New York Times investigative reporter Ian Urbina has lifted the lid on modern day slavery at sea in his two year, award-winning research ‘The Outlaw Ocean’. On Thursday 3 November he presented the highlights of his series of articles to the ETF, ITF and key stakeholders of the EU fishing sector disclosing practices of crime and violence in international waters that often go unpunished.
Ian Urbina: “Few places on earth are as free from legal oversight as the high seas. Our investigation has discovered practices of illegal fishing, illegal manning agencies tricking villagers in the Philippines to work under poor safety and labour conditions on ships, recorded proof of unarmed men being gunned down while the killings went unreported… The complete lack of accountability at sea, sometimes with fatal consequences, is astonishing and simply unacceptable in the 21st century.”
Livia Spera, ETF Political Secretary for Fisheries commented: “Fishermen are voiceless victims of some unscrupulous companies that operate in the sector. We have the duty to act and deter these unacceptable practices and we praise the work done by Ian Urbina to document this unacceptable reality. It was important for us to have this presented in Brussels because the EU is one of the major actors in the fishing sector globally and one of the biggest markets for seafood products.”
EU law with potentially global impact
On 14 October 2016 the Council of the EU has approved a Directive regulating working conditions in the fisheries sector following a long-standing request from the EU Social Partners (ETF, Europêche and Cogeca) formalised in a Social Partners’ Agreement. The Directive transposes the ILO Work in Fishing Convention 2007 (C188) into EU law with the aim to ensure better working conditions for more than 150,000 fishermen in Europe. It will only come into force once 10 ILO Member State have ratified the Convention; at present nine did so, two of which are EU countries.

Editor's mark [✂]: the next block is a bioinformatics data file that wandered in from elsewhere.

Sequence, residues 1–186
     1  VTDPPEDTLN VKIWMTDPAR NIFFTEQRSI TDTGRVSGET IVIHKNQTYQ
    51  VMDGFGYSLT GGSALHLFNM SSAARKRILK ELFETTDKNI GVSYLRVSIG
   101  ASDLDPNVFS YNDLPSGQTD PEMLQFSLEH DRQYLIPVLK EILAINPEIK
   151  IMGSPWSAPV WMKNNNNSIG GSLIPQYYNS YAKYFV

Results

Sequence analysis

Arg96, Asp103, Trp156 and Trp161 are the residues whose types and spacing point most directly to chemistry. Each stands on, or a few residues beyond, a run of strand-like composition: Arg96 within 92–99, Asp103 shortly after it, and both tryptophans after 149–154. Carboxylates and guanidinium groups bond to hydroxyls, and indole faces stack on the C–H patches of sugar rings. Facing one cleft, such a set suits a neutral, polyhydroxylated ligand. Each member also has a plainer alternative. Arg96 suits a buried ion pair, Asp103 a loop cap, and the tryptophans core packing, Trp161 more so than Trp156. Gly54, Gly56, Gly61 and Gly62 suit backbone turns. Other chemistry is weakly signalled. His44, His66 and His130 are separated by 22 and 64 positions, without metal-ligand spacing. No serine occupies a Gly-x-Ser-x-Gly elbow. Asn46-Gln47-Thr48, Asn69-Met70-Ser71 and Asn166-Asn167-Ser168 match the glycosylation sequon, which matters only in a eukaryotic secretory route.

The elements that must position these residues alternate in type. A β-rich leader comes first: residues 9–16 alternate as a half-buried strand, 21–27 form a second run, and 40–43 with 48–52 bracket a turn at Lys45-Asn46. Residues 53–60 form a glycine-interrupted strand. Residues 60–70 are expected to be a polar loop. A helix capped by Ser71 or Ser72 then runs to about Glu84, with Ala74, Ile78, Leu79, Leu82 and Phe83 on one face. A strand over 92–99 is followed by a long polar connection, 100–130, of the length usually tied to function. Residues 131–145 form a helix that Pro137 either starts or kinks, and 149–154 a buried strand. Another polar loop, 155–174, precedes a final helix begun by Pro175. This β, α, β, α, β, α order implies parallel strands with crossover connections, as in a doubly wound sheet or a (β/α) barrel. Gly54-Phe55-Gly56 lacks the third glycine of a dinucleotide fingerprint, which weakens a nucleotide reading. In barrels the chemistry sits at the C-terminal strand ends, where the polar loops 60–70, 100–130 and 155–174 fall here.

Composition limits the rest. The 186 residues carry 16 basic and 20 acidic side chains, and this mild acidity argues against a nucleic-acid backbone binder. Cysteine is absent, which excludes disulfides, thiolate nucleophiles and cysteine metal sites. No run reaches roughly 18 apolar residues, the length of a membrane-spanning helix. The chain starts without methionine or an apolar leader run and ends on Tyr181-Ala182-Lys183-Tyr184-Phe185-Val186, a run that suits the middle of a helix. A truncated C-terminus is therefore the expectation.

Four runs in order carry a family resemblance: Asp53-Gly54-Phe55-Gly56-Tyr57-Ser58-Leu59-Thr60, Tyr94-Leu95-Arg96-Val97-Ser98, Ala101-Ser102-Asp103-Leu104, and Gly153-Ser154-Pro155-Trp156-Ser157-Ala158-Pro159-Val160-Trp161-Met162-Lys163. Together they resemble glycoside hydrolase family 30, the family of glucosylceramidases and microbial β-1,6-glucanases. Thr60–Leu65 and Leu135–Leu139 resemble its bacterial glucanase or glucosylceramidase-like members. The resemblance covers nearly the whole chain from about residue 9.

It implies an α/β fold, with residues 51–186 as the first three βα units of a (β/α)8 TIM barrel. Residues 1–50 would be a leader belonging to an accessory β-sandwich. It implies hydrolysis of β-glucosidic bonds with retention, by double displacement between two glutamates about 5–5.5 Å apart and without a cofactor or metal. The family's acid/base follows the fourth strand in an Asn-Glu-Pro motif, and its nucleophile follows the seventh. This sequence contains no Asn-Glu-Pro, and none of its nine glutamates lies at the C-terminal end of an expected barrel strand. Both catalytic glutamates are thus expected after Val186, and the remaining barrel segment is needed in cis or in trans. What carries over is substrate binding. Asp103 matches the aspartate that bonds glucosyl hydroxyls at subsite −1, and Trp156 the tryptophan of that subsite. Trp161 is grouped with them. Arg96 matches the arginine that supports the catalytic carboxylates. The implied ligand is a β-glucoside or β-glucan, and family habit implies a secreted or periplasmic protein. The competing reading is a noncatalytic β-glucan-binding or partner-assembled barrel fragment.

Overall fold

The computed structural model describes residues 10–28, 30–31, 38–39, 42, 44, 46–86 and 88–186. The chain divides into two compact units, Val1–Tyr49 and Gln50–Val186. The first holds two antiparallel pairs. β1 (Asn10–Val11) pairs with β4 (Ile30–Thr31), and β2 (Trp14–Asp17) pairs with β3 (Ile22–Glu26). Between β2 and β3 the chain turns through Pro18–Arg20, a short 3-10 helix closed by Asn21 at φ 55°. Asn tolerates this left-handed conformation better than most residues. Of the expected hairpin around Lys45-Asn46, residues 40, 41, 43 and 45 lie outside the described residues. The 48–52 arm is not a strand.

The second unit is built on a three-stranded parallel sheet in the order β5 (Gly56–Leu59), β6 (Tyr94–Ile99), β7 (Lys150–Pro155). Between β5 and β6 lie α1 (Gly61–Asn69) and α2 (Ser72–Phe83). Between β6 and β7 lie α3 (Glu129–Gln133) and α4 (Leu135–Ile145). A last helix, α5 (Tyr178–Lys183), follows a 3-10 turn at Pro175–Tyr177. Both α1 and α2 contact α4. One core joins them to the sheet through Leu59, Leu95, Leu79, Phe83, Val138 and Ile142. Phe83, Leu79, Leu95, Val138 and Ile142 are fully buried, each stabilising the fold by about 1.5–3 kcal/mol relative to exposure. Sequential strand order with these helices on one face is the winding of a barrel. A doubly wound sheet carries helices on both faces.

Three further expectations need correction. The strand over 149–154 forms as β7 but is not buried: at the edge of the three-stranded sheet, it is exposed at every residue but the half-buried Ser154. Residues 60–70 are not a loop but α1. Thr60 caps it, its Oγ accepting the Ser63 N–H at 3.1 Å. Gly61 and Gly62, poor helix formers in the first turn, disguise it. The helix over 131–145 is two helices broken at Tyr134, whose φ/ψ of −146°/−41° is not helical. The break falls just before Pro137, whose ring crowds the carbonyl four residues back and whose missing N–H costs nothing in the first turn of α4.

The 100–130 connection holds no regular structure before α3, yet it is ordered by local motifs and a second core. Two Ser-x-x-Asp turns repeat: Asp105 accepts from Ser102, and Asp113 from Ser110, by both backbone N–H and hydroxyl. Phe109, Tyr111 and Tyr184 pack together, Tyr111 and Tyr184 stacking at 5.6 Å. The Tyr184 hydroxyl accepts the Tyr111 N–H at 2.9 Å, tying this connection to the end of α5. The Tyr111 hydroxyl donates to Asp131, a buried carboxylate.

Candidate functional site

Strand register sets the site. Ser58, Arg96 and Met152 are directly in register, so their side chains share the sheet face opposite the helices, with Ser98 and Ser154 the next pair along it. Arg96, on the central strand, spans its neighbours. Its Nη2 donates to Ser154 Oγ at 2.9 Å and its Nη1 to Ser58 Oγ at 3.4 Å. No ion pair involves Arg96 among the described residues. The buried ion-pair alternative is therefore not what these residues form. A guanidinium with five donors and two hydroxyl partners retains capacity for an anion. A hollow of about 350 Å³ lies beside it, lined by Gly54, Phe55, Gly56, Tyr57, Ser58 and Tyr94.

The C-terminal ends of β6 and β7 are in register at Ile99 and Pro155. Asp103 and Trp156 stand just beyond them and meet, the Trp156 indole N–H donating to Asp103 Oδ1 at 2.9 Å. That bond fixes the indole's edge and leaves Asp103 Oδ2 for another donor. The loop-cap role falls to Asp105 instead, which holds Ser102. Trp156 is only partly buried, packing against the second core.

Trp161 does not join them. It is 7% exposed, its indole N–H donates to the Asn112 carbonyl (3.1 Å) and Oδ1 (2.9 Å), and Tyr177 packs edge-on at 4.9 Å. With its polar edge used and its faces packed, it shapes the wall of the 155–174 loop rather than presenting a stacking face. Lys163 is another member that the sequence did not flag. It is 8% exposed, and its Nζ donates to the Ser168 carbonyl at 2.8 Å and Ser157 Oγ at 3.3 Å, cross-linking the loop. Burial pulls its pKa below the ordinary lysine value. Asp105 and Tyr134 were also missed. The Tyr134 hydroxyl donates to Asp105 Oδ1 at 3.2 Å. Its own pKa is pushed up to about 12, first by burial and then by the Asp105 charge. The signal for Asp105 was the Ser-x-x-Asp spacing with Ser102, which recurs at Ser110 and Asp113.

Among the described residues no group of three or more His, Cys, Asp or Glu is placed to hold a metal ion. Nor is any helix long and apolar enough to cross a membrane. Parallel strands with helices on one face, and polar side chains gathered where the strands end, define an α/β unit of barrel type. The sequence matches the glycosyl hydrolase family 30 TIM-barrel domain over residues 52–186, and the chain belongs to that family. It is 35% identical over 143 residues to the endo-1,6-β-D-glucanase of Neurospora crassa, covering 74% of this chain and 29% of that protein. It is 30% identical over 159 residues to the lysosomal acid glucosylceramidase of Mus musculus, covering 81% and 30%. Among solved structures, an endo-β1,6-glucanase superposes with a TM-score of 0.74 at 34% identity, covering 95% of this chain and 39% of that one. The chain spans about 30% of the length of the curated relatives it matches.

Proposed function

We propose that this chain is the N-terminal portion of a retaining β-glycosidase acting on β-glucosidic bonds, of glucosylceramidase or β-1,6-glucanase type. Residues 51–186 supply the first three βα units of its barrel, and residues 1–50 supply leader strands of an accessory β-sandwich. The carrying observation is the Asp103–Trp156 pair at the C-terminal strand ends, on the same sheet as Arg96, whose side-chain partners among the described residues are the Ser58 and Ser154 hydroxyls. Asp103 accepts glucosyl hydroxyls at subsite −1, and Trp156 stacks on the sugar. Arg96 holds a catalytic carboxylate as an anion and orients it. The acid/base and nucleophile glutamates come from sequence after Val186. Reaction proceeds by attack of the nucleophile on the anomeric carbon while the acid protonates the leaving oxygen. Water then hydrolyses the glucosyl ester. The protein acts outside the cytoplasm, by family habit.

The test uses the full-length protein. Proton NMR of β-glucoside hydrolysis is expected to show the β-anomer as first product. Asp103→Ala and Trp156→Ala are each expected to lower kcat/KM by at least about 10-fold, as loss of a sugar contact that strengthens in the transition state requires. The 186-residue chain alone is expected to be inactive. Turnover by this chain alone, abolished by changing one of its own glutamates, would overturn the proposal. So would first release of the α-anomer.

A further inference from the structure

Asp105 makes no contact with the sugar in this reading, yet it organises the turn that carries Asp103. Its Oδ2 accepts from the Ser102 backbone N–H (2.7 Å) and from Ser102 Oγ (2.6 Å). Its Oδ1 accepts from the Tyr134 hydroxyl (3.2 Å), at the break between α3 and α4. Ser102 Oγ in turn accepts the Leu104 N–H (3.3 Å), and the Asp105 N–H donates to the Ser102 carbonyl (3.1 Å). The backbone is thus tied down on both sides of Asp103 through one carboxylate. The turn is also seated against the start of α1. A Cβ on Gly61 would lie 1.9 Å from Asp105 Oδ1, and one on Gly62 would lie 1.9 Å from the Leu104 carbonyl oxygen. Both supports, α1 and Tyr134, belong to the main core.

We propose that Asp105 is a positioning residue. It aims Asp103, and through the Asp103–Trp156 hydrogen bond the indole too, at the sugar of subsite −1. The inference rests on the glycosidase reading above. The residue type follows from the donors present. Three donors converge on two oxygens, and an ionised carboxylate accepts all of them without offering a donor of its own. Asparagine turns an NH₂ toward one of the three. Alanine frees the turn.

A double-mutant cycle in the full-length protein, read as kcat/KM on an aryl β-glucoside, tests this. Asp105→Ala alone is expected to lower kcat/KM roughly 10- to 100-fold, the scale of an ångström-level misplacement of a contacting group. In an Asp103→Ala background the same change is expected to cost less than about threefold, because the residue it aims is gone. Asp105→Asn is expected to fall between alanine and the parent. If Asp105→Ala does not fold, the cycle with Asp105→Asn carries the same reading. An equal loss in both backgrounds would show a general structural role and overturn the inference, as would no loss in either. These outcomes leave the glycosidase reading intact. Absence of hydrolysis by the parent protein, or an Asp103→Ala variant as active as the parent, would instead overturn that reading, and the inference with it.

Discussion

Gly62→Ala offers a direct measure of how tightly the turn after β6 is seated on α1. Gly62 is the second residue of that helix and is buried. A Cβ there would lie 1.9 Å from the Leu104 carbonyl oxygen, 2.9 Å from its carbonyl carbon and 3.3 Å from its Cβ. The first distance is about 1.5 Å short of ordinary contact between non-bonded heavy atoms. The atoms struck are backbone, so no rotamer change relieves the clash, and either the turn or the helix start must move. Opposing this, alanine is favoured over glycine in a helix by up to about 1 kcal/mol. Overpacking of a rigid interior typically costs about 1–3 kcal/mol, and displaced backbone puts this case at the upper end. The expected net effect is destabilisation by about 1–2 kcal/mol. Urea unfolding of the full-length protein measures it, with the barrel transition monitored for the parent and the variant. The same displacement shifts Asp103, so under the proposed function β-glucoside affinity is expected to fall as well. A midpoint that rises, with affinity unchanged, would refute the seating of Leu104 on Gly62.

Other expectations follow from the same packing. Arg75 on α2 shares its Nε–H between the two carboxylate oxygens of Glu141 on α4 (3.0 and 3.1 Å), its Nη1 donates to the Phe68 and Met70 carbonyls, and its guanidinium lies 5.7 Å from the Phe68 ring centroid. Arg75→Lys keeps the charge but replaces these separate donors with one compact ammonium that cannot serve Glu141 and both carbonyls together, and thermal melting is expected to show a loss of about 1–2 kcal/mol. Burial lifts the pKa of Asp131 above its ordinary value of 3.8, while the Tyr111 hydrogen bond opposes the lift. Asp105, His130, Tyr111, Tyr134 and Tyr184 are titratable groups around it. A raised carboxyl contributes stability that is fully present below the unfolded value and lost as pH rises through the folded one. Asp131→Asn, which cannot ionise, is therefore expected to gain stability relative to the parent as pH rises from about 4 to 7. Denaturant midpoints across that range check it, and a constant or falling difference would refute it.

“There is an urgent need for the EU to take a leading role in fighting anarchistic practices at sea and pursue a more socially sustainable fishing sector at global level. The current common fisheries policy is focused on environmental protection and resources management. It is high time to start thinking about people and ensure decent working and living conditions which can pave the way for global standards for the sector”, Livia Spera continues.
Jacqueline Smith, ITF Maritime Coordinator: “The ITF is very grateful to the NY Times reporter Ian Urbina for giving exploited fishers and seafarers a voice through his riveting series that exposes the brutalities on the high seas. Few people know about the inhuman conditions many fishers and seafarers suffer under. There are of course good shipowners and those shipowners have good relationships with the ITF and our affiliates, but it is a fact that there is a dark side to the industry which Ian exposes. Our goal as a trade union organisation is to raise the awareness of governments and the general public so that we secure the rights of these workers and make it impossible for bad employers to continue treating men and women this way.”
Ian Urbina’s presentation at the ETF premises was attended by representatives of the European Commission and Parliament, EU stakeholders (ship-owners, traders, processors), environmental, social and development NGOs, representatives of several Advisory Councils and ETF/ITF affiliates in the Fisheries Sector.